Rosey helped to steer the company in this new direction and we began producing high-end lifestyle candles which today accounts for 80% of our sales.
In the 1970s, Habitat was a high-profile store and winning that contract really put Shearer out there so that it wasn't just people in Glasgow who knew about the company.
As time went on the market changed and Shearer began expanding into different markets.
What was your worst moment? The Banana Wars in 1999 – where the US imposed a retaliatory range of 100% import duties on European products, encompassing everything from Scottish cashmere to French cheese and candles. As a result we had to watch helplessly as our US market disappeared virtually overnight.
However, we used the time wisely to investigate new markets and not only did we win back our American business once the trade dispute was resolved but at this time we also became the leading candle supplier to some of the UK's top retailers including Waitrose, John Lewis and Sainsbury's.
What do you most enjoy about running the business? Over the years I've enjoyed all aspects of running the business, from securing a new customer to seeing a new range for the first time, but the thing I've come to enjoy the most is problem solving. I like a challenge and there is nothing in the business that I won't take on.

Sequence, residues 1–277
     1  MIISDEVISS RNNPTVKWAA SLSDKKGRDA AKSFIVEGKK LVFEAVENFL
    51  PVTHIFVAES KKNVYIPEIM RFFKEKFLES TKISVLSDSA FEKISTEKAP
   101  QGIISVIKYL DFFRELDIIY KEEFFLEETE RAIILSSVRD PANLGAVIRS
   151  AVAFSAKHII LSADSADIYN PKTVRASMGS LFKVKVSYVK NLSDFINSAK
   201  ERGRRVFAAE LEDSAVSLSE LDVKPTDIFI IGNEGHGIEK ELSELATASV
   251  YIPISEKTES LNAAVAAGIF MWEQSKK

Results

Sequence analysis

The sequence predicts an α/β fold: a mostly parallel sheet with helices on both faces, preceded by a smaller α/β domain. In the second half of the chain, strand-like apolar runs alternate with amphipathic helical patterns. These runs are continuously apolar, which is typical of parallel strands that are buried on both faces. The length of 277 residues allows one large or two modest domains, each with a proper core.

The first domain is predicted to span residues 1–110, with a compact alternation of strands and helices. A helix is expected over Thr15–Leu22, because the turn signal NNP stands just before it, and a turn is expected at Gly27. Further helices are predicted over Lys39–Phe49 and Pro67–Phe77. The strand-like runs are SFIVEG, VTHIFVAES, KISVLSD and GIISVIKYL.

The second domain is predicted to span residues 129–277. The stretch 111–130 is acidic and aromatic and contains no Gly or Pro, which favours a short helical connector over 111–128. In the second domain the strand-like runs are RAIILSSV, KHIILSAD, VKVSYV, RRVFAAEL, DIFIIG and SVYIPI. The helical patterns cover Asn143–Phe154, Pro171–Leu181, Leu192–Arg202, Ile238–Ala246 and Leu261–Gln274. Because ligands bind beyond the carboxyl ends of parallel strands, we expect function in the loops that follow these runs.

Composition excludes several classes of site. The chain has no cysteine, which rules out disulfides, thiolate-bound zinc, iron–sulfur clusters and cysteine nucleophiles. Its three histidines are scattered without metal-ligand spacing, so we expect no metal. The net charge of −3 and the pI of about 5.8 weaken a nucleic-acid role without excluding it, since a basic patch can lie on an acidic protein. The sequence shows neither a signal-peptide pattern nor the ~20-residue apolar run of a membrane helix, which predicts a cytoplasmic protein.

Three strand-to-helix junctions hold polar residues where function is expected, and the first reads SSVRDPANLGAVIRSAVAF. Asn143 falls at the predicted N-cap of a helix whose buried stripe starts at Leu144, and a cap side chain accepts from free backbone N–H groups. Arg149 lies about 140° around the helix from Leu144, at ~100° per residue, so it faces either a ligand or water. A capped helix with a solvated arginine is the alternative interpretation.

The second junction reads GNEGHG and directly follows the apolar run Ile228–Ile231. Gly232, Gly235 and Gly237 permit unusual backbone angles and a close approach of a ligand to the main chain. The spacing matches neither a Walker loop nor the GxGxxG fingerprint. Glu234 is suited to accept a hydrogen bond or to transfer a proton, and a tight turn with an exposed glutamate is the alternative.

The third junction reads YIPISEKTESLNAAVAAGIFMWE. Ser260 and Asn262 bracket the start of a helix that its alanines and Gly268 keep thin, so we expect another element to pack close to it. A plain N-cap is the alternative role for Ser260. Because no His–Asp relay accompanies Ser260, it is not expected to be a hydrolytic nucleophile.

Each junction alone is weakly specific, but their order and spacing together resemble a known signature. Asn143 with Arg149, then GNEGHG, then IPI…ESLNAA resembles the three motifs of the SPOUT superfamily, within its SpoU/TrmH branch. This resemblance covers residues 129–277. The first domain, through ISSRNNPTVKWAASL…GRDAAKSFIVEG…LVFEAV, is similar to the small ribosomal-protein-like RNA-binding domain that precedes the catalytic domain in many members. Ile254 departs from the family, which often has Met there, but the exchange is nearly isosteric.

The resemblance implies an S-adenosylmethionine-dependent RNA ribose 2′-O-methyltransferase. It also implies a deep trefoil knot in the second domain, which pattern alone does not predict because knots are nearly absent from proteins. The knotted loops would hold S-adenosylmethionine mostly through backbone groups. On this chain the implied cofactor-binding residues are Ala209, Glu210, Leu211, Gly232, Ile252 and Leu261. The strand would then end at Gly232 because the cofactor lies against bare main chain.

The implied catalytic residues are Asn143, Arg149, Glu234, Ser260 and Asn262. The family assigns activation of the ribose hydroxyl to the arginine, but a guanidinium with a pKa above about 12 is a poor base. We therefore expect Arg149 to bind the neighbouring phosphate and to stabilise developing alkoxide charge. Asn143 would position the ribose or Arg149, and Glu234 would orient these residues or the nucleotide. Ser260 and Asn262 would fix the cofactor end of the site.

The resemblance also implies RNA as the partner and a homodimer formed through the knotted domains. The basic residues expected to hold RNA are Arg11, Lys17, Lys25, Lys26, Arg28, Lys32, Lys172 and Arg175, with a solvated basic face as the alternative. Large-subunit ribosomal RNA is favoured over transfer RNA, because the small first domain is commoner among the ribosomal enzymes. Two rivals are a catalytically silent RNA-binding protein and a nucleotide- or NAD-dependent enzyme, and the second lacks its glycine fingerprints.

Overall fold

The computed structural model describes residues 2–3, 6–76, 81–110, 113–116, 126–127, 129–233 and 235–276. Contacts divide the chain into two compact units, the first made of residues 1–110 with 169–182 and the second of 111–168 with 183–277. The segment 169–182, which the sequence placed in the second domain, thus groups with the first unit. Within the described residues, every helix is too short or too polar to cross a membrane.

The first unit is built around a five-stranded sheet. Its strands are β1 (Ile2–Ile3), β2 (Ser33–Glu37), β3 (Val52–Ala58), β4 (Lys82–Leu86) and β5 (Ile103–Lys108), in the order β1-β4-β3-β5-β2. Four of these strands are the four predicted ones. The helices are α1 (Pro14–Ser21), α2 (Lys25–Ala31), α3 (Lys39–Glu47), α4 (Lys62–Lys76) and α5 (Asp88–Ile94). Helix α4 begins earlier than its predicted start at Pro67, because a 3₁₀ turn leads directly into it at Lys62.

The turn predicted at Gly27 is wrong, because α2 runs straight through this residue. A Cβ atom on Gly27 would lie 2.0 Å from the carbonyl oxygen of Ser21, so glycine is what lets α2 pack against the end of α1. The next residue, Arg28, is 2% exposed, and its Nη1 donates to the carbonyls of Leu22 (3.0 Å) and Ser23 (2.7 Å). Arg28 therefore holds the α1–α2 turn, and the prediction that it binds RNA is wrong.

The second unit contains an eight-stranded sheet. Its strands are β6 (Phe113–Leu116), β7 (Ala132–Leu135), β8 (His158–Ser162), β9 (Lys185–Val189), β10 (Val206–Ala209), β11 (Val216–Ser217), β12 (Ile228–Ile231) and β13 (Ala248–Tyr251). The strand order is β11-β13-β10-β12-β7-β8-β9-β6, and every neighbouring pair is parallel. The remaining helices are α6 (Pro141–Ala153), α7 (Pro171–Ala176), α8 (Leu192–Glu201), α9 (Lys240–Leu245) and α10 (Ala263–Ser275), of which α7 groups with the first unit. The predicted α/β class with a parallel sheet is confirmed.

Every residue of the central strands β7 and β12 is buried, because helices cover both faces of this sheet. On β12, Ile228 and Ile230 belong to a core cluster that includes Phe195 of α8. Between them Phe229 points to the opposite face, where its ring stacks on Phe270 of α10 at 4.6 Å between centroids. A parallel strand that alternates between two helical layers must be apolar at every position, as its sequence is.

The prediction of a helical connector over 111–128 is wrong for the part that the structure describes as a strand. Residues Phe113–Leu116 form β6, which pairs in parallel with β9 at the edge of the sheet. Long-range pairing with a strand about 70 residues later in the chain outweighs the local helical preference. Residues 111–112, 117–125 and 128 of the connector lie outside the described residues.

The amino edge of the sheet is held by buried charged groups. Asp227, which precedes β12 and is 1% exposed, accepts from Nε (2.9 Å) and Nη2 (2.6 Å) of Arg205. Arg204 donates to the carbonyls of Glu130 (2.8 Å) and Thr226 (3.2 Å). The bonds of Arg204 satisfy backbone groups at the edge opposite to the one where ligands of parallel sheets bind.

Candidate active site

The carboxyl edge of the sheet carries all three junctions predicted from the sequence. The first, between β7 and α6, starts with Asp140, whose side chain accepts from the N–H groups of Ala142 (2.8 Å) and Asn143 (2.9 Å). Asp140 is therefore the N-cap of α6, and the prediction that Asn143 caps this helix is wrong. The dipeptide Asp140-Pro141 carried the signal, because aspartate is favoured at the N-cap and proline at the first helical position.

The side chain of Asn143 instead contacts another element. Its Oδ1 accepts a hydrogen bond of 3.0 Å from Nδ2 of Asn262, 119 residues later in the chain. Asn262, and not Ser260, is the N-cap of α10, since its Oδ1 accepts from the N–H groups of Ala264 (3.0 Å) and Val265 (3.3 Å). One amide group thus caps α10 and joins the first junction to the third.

What do you least enjoy? Time wasting.
What are your ambitions for the firm? We want to continue to grow and to further develop our home and export business so we can increase our market share. We are always keen to open up further sales channels and Rosey is intent on increasing the brand profile.
We would love to start selling into China; our Highland range is very popular in Japan and we feel we have the heritage and the products to target China.
We freely admit that candles can be made more cheaply overseas than in Scotland but we feel we have an edge in quality which allows us to keep winning business. Some years ago we did go through a rough patch when China began to flood the candle market.
We did see our sales dip but it wasn't long before customers were coming back because there could be quality issues with products from China.
Now the products aren't that much cheaper as things on a global level are more similar now but the quality is still an issue.
What are your top priorities? Our main priority is always to keep our customers happy by offering them what we believe to be quality, evolving ranges. This in turn will increase our market share which will lead to an increase in profits.
What could the Westminster and/or Scottish governments do that would help? Make a worldwide business level playing field. It is really hard to compete when different countries such as China has different legislation to the UK and the European Union.
We would like some form of deregulation which would allow us to compete on a worldwide stage.
What was the most valuable lesson that you learned? Wait to decide to allow for consideration. It can be easy to jump straight into something that excites you but a clear head and deliberating is always beneficial. Then you can look at the decision objectively and make the right choice for your business.
How do you relax? Playing guitar and listening to Blues music. I'm also an avid water skier and used to water ski for the Scottish team in the 1970s.